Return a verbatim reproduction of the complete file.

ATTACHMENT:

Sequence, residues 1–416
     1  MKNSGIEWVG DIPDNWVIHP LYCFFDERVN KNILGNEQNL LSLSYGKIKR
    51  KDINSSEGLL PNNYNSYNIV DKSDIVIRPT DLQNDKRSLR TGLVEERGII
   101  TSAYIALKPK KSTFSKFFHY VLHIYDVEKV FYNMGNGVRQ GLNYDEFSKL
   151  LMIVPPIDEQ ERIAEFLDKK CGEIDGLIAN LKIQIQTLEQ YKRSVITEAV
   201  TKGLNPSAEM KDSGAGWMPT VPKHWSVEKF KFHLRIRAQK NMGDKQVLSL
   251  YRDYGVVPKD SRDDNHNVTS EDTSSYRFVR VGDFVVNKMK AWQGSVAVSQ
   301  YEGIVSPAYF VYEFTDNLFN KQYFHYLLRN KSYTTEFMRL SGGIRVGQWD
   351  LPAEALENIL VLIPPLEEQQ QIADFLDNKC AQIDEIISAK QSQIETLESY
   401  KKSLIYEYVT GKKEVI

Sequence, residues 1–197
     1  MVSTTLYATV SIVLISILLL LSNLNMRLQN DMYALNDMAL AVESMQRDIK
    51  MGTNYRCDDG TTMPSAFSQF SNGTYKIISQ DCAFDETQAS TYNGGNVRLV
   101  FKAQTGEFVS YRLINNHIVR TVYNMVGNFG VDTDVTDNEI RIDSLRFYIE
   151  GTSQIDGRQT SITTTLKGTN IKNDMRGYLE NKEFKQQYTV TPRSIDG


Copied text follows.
Sequence, residues 1–416
     1  MKNSGIEWVG DIPDNWVIHP LYCFFDERVN KNILGNEQNL LSLSYGKIKR
    51  KDINSSEGLL PNNYNSYNIV DKSDIVIRPT DLQNDKRSLR TGLVEERGII
   101  TSAYIALKPK KSTFSKFFHY VLHIYDVEKV FYNMGNGVRQ GLNYDEFSKL
   151  LMIVPPIDEQ ERIAEFLDKK CGEIDGLIAN LKIQIQTLEQ YKRSVITEAV
   201  TKGLNPSAEM KDSGAGWMPT VPKHWSVEKF KFHLRIRAQK NMGDKQVLSL
   251  YRDYGVVPKD SRDDNHNVTS EDTSSYRFVR VGDFVVNKMK AWQGSVAVSQ
   301  YEGIVSPAYF VYEFTDNLFN KQYFHYLLRN KSYTTEFMRL SGGIRVGQWD
   351  LPAEALENIL VLIPPLEEQQ QIADFLDNKC AQIDEIISAK QSQIETLESY
   401  KKSLIYEYVT GKKEVI

Sequence, residues 1–197
     1  MVSTTLYATV SIVLISILLL LSNLNMRLQN DMYALNDMAL AVESMQRDIK
    51  MGTNYRCDDG TTMPSAFSQF SNGTYKIISQ DCAFDETQAS TYNGGNVRLV
   101  FKAQTGEFVS YRLINNHIVR TVYNMVGNFG VDTDVTDNEI RIDSLRFYIE
   151  GTSQIDGRQT SITTTLKGTN IKNDMRGYLE NKEFKQQYTV TPRSIDG